My mother had 2 out of 4 complications – she spent a month in hospital having had secondary surgery, but each 24-hour period she improved. She had her operation at the Royal Stoke University Hospital – the care and expertise that she received was outstanding from the offset – she was treated with the utmost care, with dignity, respect and a healthy dose of humour.
Once you have stabilised from surgery in recovery, you will be moved to the Special Care or High Dependency Unit. The mixture of medications that are required to anaesthetise and give you pain relief will be a shock to your system, and you will more than likely be temporarily confused – hallucinations are common after surgery, but the good news is that you won’t remember this time and they will pass.
You will have drains coming out of places you didn’t even know could be drained and be sleepy from the operation. The angels that work in the unit will be monitoring everything about you – nothing is left to chance.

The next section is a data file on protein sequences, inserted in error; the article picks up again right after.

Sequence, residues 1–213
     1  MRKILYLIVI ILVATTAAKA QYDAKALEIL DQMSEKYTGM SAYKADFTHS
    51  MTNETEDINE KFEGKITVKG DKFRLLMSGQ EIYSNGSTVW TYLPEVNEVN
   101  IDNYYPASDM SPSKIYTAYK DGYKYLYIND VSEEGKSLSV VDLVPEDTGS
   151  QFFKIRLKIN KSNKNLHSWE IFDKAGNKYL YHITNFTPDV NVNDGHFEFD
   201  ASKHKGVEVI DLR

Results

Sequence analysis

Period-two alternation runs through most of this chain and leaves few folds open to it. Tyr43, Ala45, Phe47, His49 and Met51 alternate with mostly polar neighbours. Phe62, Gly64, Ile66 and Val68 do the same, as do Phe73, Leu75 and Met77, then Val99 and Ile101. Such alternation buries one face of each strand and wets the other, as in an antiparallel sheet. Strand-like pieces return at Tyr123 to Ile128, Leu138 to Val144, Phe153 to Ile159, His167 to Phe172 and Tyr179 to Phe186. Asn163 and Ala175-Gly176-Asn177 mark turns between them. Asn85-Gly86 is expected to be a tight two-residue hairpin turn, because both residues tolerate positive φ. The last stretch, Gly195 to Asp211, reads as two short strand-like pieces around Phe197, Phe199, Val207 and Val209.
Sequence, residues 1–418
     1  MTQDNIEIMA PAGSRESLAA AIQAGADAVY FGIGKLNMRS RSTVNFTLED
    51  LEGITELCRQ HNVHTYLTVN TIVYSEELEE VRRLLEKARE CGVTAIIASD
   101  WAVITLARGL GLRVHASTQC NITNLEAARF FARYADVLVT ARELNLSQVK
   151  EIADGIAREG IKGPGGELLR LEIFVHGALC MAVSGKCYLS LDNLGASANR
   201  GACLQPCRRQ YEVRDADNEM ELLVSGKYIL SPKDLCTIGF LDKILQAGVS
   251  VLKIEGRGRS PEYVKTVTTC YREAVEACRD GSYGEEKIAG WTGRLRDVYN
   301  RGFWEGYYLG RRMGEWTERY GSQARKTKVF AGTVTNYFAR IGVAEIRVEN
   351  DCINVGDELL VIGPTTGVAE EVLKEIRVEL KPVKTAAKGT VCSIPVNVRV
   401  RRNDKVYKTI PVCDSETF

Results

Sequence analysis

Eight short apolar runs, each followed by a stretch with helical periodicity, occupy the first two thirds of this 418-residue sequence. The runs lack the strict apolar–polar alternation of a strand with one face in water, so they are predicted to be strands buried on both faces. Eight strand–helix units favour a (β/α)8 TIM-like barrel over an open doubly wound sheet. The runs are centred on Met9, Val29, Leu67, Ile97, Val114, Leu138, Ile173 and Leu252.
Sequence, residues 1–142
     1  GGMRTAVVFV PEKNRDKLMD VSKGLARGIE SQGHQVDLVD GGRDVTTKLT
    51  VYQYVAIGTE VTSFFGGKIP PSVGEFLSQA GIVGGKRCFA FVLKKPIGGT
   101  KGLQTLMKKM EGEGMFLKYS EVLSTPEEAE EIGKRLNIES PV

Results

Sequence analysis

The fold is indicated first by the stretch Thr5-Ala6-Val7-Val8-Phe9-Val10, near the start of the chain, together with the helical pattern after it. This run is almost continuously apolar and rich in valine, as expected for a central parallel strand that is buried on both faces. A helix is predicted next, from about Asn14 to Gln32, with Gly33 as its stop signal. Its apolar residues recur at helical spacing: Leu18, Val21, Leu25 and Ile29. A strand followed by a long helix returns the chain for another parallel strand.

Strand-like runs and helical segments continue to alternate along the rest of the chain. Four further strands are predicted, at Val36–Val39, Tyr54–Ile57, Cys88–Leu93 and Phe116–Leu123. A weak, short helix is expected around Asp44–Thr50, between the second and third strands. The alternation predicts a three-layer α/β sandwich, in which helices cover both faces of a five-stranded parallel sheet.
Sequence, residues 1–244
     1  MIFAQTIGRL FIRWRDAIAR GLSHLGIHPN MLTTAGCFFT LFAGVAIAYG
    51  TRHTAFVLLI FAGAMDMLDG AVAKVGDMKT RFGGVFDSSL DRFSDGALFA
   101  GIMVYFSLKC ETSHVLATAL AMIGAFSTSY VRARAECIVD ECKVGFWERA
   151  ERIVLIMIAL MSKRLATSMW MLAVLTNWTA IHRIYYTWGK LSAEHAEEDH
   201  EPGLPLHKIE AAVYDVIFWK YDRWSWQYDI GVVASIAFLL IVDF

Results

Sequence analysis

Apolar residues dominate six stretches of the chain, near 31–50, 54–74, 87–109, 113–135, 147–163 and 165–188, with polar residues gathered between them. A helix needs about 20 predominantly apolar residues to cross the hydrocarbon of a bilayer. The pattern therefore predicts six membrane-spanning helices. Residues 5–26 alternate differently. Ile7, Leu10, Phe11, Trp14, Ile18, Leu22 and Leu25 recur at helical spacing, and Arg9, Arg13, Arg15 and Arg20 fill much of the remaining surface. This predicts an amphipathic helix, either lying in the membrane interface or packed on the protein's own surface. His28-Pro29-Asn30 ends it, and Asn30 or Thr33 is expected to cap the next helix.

Amazingly, you will be out of bed the following day after your surgery. I was shocked about this, as I assumed that after such major surgery you would have bed rest, but the team will get you up and moving as soon as possible to prevent the possibility of deep vein thrombosis occurring or a chest infection. Your pain will be managed so that you are comfortable and able to be active. You will also be shown breathing exercises to do – you must do them!
To begin with, you will only be able to sip small amounts of water so that your stomach and bowel has time to heal without the additional pressure on the joins. Once you start passing wind, you will be able to increase the fluids – only follow the nurses’ instructions! Keeping hydrated is a fine balance - you don't want to drink too much and risk adding pressure to your internal stitches: sip, sip, sip and only the amount that you have been told that you can have per hour.
Your bowel may be a little slow to get moving again – it is very sensitive to being manhandled and takes a good few days to recover. Being active is also great for stimulating the bowel to function which is an indicator that you may be able to start eating again.